Durian is renowned as the world's stinkiest fruit. As Smithsonian Magazine explained:
"To eat it seems to be the sacrifice of self-respect," wrote 19th-century American journalist Bayard Taylor. French naturalist Henri Mouhot was a bit less delicate: "On first tasting it I thought it like the flesh of some animal in a state of putrefaction."
This bat-pollinated fruit is divisive; some foodies love it, most people just retch at the smell. In this New York Times video, Thomas Fuller travels to Thailand to track down fellow Durian lovers. In addition to his article on the fruit, Fuller gives us this short video explaining the fruit, and showing how it's grown (though we don't get to see the bats that pollinate Durian trees). Be glad this isn't in smell-o-vision:
In Fuller's article, he writes (emphasis added):
Yes, I freely admit that when ripe it can smell like a dead animal. Yes, the fruit is difficult to handle, bearing likeness to a medieval weapon. But get down to the pale yellow, creamy flesh, and you’ll experience overtones of hazelnut, apricot, caramelized banana and egg custard. That’s my attempt at describing durian. But words fail; there is no other fruit like it. ...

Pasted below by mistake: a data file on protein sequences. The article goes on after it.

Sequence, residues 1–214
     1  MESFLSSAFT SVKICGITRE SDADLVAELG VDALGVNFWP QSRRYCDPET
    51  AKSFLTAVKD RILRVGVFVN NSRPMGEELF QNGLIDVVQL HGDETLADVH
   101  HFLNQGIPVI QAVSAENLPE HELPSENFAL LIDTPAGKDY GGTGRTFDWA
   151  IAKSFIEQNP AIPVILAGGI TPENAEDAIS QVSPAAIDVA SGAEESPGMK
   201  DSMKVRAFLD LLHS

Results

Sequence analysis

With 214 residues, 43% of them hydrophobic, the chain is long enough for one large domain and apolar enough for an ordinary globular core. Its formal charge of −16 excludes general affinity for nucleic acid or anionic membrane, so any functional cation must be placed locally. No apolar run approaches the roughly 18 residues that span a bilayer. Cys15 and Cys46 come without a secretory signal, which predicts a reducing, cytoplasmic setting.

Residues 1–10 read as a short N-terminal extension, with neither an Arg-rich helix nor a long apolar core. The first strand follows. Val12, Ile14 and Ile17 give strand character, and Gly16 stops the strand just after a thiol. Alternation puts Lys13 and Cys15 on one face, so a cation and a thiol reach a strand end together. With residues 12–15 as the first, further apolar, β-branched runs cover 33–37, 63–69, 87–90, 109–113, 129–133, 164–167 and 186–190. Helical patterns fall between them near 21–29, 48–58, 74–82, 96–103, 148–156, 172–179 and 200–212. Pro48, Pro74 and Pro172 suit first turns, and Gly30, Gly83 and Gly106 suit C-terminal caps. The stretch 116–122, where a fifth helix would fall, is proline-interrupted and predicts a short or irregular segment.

Okay, that's it. I need to try durian, just to get this over with. Weirdly, lots of people sell it online, freeze-dried (apparently negating the appealing "custardy" texture), though I just discovered that an Asian grocery store near me sells the fruit...perhaps a field trip is in order. I'm a little scared, as one Yelper warns, "The one thing I do find appalling is the Durian Smoothies you can get in the shopping center (a word to the wise, durian really is evil)."
So tell me—is durian really that bad, or that good?
(Via The Kid Should See This.)